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Dictionaries are a recent invention. In some form, glossaries and word-lists have been around for centuries. Most glossaries in the Middle Ages and Renaissance in Europe, however, were interlingual, or lists of specialized technical terms, or both. The medieval attitude was clearly that no-one would need a dictionary of common words in their native language. The idea that you would go to a book to find the spelling or the meaning of a word was alien to a largely oral society with no fixed system of orthography.

Interlingual dictionaries are still useful today, of course. It is still the moment of mastery in reading a foreign language when you move from an interlingual dictionary to a dictionary completely in the second language – one that forces you to move into defining words in terms of the words of the other language.

Yet this observation points up what we might call the "dictionary paradoxes": how do I ever learn a foreign vocabulary, and why is a dictionary of a vocabulary I already know any good to me? How do I look up the spelling of a word I don't know how to spell? How do I define the meaning of a word if I have to define it in terms of other words? Here, for instance, is part of Merriam-Webster's definition of "the":

1 a – used as a function word to indicate that a following noun or noun equivalent is definite or has been previously specified by context or by circumstance . . . b – used as a function word to indicate that a following noun or noun equivalent is a unique or a particular member of its class

What on earth does that mean? (A related question is, why on earth would anyone look up "the" in a dictionary?) In order to define a common word without using the word itself, dictionaries have to resort to the strangest kinds of locutions. Another kind of failing is evident in dictionary definitions for things that you just have to know in order to know what their names mean – what are called "lexical" nouns. Merriam-Webster defines "hackberry" as "any of a genus (Celtis) of trees and shrubs of the elm family with small often edible berries." That's wonderful except it doesn't help you in the slightest in identifying a hackberry tree. Most simple dictionaries are even less help. Suppose you want to know what the French word "chêne" means; you use your basic French dictionary and it says "espéce d'arbre": a kind of tree. Here the interlingual dictionary is more helpful than the "real" dictionary: "chêne" means "oak." But a series of lexical nouns in assorted languages – chêne, oak, quercus, Eiche – is useless without some experience of an oak tree, because of the arbitrariness of names.

Dictionaries do not then arise from a real need to understand language, but from a social need to codify language. The very first intralingual English dictionary, Robert Cawdrey's 1604 volume, did not codify language; it just listed some difficult English words and defined them in English. The first edition of Samuel Johnson's Dictionary (in 1755), however, is a watershed in the history of English wordlists because Johnson sought to codify meanings. He worked inductively, drawing examples of word meanings from literature. He supplied sample quotations to back up his definitions. He was also a great writer, with sense enough to know how to write interesting definitions, and sometimes included what we would call today in computing "Easter Eggs" – little jokes you have to know where to look for, like his definition of "oats": "A grain, which in England is generally given to horses, but in Scotland supports the people."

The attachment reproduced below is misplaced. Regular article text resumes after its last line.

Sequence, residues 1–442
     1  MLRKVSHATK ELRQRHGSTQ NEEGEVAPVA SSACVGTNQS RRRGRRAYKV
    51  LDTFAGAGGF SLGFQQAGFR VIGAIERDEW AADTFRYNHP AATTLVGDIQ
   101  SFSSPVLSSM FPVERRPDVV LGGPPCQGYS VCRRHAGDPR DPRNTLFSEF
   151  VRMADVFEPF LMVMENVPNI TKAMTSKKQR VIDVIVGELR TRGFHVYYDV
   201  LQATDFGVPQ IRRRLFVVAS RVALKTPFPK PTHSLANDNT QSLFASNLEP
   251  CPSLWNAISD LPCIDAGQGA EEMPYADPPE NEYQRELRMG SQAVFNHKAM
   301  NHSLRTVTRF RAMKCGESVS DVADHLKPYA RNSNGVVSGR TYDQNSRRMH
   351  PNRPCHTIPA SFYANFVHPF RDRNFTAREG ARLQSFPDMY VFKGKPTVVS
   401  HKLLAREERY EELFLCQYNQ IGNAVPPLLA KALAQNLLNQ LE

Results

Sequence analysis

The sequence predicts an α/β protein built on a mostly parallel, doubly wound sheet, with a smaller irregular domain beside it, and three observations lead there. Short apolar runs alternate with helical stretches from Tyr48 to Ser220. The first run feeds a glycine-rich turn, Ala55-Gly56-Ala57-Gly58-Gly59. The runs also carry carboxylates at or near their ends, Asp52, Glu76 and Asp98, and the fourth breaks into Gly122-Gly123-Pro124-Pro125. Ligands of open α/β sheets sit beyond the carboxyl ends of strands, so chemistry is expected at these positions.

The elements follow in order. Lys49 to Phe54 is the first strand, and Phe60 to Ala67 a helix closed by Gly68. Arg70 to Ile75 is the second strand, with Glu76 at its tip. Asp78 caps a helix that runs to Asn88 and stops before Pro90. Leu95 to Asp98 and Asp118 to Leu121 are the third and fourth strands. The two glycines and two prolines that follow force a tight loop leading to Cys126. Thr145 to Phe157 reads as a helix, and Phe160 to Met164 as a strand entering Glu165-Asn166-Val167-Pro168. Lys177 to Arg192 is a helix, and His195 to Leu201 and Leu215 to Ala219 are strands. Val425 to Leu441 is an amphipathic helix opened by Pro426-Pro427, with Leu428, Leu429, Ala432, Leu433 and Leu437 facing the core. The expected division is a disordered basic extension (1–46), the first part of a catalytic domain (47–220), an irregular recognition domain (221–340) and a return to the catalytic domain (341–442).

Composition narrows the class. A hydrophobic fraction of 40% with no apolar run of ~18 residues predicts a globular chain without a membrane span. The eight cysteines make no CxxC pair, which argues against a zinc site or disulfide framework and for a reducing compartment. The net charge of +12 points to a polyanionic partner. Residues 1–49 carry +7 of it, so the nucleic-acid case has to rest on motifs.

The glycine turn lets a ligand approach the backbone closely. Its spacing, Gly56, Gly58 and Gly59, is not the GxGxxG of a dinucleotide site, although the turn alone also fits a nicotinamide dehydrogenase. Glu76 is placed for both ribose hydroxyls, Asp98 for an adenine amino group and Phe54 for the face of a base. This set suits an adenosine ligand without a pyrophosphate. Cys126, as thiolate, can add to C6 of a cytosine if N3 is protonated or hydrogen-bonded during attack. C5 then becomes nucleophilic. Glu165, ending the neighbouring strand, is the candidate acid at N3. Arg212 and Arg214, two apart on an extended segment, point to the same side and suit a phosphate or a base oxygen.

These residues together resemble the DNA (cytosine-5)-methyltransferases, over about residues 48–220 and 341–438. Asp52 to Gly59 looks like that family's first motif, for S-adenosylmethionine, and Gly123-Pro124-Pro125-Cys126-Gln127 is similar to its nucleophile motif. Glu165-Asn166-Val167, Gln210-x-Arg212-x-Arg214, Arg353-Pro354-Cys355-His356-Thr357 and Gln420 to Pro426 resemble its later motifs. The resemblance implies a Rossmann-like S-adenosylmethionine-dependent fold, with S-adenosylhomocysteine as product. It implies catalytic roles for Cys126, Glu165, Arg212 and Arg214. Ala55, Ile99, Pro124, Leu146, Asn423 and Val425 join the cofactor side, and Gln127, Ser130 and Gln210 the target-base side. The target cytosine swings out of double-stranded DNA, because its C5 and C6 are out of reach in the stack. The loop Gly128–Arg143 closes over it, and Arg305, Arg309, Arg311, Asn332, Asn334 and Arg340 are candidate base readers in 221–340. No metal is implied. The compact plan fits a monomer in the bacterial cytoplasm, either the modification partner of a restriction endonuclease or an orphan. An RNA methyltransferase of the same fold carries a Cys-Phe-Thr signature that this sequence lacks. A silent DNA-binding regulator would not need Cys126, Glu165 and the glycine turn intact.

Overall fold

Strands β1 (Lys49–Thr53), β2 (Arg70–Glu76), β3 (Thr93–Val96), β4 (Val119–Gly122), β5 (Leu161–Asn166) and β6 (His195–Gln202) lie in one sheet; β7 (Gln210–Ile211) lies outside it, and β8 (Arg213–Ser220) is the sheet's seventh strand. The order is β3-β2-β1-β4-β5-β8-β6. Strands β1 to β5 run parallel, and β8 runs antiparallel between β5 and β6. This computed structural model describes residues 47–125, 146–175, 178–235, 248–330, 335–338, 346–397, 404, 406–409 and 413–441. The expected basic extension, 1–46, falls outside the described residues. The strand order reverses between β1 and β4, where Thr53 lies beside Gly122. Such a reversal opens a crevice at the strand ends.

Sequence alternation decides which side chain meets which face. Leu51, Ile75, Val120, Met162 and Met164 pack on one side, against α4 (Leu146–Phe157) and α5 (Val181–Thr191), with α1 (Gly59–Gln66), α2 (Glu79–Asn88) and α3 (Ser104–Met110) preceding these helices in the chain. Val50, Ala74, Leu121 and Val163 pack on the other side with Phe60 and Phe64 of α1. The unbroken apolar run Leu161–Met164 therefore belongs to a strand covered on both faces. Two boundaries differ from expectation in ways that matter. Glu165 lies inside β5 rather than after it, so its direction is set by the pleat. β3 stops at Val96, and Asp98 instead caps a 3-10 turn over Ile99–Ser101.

By 1755, there was a need in England not to understand the language better, but to standardize written expression in what was already turning into an "information age" of burgeoning international commerce, Empire, and an expanding literate middle class. People turned to Johnson's Dictionary to learn correct standards of written expression.

In 1828, Noah Webster, a New England lexicographer and entrepreneur, published his American Dictionary. This is one of the great American bestsellers; it is no exaggeration to say that by 1850 most literate households in New England, and many in the U.S. as a whole, owned some form of a Webster dictionary. Webster was so successful that his name is now in the public domain. Webster is now a generic term for any American dictionary. The website I've just sent you to is an ad for Merriam-Webster, the company that is in the direct line of legal descent from Noah himself; but as their site makes clear, they do not have exclusive rights to the name "Webster." You would be perfectly within your rights to write a dictionary – even a lousy and inaccurate one – and sell it as "Webster's." Please remember this, especially next time you are tempted to cite a "Webster's" dictionary as gospel.

Dictionaries have a great impact on usage. Webster preferred to spell words like "colour" and "honour" without the "u," which he considered to be superfluous. As a result, we still spell them "color" and "honor" in this country, as opposed to the old British spellings.

The most exhaustive dictionary of the English language is the Oxford English Dictionary, which is also, as its first edition proclaimed, the first to make extensive use of "historical principles." The OED was assembled in the 19th century through the efforts of a horde of volunteer contributors marshaled together by Sir James Murray, the formidable editor who saw the OED through most of its publication. These contributors would send slips of paper with illustrative quotations for words to Murray, who assembled them in a purpose-built structure called the Scriptorium – a large hut full of pigeon-holes for the thousands of slips that arrived. From the pigeon-holes, Murray would draw out slips and write the final definitions (aided by an army of helpers, of course).

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